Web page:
'Massive oversupply': Nevada hemp farmers scale back amid saturated CBD market

Some search for industrial opportunities to combat 'hemp recession'

While the primary driver in the hemp industry is CBD, farms like Sierra Nevada Hemp in Carson City (pictured here) see opportunities for the plant in other sectors, like construction and fabrics, says owner Mark O’Farrell.

While the primary driver in the hemp industry is CBD, farms like Sierra Nevada Hemp in Carson City (pictured here) see opportunities for the plant in other sectors, like construction and fabrics, says owner Mark O’Farrell. Courtesy Photo

In the summer of 2019, hemp farmers Joe Frey and Adrienne Snow saw demand booming for their crop — so much so that the founders of Western States Hemp in Churchill County had 100 acres of the lush green crop sprouting from their farmland.

A lot has changed in two years.

“This year, we have about eight acres,” Frey told the NNBW this month.

Western States Hemp is far from the only farm to dramatically scale back. From 2019 to 2020, the acreage of hemp planted across Nevada fell by nearly 70%, dropping from nearly 5,000 acres to roughly 1,600, according to the Nevada Department of Agriculture (NDA).

Over that one-year span, the number of certified hemp growers in the Silver State fell from 213 to 116. Western States Hemp, for one, has been growing since 2016, when it joined the state’s hemp-farming pilot program.

“We’re one of the only remaining hemp farms that began with the onset of the state’s program,” said Snow, who is Frey’s sister-in-law. “Most of the farms didn’t make it through ‘the hemp recession,’ if you will.”

Joe Frey is cofounder and owner of Western States Hemp in Churchill County. Courtesy photo


The seeds of a downturn were planted in 2018 when the federal farm bill legalized nationwide growth and cultivation of hemp. Until then, the FDA treated hemp in much the same way as its cannabis cousin: a controlled substance. The new farm bill, however, recognized the plant as having just a trace of THC, a compound that is more present in marijuana — and that produces the high associated with it.

The difference is what helped make hemp the crop of choice for cashing in on the surging market of products containing the non-intoxicating compound found in cannabis plants: CBD.

“At that time, with the risk factor removed completely, banking opened up for hemp growers,” Snow recalled. “And tons of people jumped in.”


She’s not kidding. From 2018 to 2019, Nevada saw the number of hemp growers nearly double (115 to 216) and the total acreage of hemp planted more than quadruple (1,128 acres to 4,917), according to the NDA.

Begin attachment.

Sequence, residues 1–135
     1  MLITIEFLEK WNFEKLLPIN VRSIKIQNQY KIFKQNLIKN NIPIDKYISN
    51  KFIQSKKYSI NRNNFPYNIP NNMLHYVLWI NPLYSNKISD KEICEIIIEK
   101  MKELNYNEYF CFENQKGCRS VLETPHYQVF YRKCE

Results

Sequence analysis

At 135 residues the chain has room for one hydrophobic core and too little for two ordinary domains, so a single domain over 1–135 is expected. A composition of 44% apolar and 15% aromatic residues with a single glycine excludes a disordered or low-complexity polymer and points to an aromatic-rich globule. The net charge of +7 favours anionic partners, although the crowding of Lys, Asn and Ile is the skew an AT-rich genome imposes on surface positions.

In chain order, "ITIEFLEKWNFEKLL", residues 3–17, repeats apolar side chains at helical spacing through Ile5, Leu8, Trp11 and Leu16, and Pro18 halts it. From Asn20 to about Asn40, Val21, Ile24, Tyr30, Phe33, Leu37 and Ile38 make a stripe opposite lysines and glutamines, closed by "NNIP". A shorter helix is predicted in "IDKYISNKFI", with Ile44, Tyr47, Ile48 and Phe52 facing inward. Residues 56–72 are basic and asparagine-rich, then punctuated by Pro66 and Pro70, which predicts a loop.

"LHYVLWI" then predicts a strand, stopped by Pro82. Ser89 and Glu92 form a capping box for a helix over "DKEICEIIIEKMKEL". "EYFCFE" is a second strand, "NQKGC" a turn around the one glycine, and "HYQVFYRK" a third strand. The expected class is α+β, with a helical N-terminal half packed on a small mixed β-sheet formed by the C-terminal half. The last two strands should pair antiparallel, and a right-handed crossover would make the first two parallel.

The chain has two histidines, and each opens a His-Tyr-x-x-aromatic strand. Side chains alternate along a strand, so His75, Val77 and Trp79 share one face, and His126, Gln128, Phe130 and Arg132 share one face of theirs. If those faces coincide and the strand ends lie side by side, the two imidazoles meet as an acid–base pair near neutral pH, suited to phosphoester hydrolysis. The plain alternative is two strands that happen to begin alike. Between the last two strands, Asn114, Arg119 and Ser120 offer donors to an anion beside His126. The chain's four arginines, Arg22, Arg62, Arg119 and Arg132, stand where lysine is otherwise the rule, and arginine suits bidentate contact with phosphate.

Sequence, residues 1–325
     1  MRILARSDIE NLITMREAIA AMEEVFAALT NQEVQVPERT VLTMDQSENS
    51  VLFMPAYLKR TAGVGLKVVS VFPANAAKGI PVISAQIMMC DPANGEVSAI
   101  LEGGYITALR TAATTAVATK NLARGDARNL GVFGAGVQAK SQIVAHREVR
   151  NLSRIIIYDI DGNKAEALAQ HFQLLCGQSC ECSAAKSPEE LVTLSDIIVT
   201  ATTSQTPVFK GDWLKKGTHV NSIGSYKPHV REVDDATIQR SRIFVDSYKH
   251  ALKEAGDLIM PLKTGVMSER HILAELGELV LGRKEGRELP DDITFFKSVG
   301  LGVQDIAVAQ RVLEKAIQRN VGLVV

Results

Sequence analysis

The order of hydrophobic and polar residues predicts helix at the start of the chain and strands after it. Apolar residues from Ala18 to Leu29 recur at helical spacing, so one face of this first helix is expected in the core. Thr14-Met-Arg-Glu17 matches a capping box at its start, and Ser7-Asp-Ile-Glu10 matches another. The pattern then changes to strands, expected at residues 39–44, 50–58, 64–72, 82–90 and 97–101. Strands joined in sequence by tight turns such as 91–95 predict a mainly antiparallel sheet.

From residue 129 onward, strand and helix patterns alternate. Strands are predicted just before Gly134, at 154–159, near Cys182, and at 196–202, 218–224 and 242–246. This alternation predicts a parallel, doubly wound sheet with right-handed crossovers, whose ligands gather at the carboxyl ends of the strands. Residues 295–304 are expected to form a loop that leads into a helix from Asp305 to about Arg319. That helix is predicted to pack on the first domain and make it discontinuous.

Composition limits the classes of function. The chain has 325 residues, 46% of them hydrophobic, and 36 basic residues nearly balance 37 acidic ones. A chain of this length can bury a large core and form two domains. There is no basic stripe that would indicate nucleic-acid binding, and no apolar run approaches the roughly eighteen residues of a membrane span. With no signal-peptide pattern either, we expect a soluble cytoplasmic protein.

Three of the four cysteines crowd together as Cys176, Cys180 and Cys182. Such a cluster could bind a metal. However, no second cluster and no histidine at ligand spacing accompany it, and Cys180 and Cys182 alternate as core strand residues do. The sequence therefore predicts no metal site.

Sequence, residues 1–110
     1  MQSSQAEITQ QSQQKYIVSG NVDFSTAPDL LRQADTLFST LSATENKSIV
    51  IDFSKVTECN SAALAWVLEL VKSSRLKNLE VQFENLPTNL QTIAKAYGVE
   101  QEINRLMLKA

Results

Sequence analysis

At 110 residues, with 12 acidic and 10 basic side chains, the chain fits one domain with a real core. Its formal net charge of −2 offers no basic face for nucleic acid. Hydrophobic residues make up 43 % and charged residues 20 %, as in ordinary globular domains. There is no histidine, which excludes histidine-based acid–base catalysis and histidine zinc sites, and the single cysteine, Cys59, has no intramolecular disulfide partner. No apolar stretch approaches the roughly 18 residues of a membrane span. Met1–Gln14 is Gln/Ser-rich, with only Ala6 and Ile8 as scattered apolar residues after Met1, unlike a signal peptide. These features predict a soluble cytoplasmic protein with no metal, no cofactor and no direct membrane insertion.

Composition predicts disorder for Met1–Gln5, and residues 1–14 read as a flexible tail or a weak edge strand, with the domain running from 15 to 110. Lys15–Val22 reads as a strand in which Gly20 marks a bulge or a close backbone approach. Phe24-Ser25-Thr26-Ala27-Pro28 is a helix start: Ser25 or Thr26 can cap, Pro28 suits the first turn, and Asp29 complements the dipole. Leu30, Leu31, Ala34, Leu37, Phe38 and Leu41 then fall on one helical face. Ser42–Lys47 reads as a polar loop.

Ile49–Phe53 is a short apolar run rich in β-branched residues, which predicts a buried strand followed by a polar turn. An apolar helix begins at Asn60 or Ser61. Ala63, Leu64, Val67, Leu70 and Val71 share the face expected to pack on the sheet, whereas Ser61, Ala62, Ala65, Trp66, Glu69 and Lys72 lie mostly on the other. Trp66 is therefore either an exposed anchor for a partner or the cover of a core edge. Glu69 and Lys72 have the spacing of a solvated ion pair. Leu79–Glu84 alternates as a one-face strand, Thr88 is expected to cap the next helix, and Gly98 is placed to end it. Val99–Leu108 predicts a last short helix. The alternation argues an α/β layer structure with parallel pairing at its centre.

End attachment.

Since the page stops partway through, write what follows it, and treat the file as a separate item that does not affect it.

That explosion in hemp farming was happening in every corner of the country. In fact, the total acreage of hemp planted nationwide also grew more than four times over that year, jumping from 32,000 acres to 146,000, according to the U.S. Department of Agriculture.

“There was a massive oversupply,” Snow said. “I would say the majority of people who jumped in 2019 — subsequent to the 2018 farm bill — were already out; they were one and done. However, that oversupply is still being sold on the market today.”

As a result, prices have plummeted for trimmed hemp flower and hemp biomass, which is the remaining organic material after the flowers and seeds have been harvested.

Adrienne Snow is cofounder and business development manager of Western States Hemp in Churchill County. Courtesy photo


At its peak, hemp biomass was going for $22 to $25 a pound, said Frey, adding: “That same biomass, I couldn’t get rid of it for $1 a pound today.”

Trimmed hemp flower, meanwhile, fell from $350 a pound to $50 a pound, according to Snow. And CBD isolate, the crystalline solid or powder derived from the hemp plant that contains 99% pure CBD, dropped from $3,000 a kilogram to $300 a kilo, she added.

This, Snow said, is why even more hemp growers in Nevada and beyond will be pushed out of the saturated CBD market.

“At this point, none of the outputs are sustainable,” she explained. “No matter how much you cut your costs as a farmer, once this oversupply is gone, there’s no way a farm — I don’t care how efficient they are — can farm the hemp, extract the hemp, pay all the employees, and sell a kilo of (CBD) isolate for what they’re selling it for now.”


Carson City farmer Mark O’Farrell is trying to be an outlier. O’Farrell was a longtime vegetable farmer who, a few years ago, was looking to scale back his operations and focus on a smaller crop. He turned his attention to hemp, launching Sierra Nevada Hemp in 2017, a year before the 2018 farm bill opened the floodgates.

“I thought it was a good chance to get in on the ground floor of getting the hemp industry jump-started here in Nevada,” O’Farrell said.

Mark O’Farrell is owner of Sierra Nevada Hemp in Carson City. Courtesy photo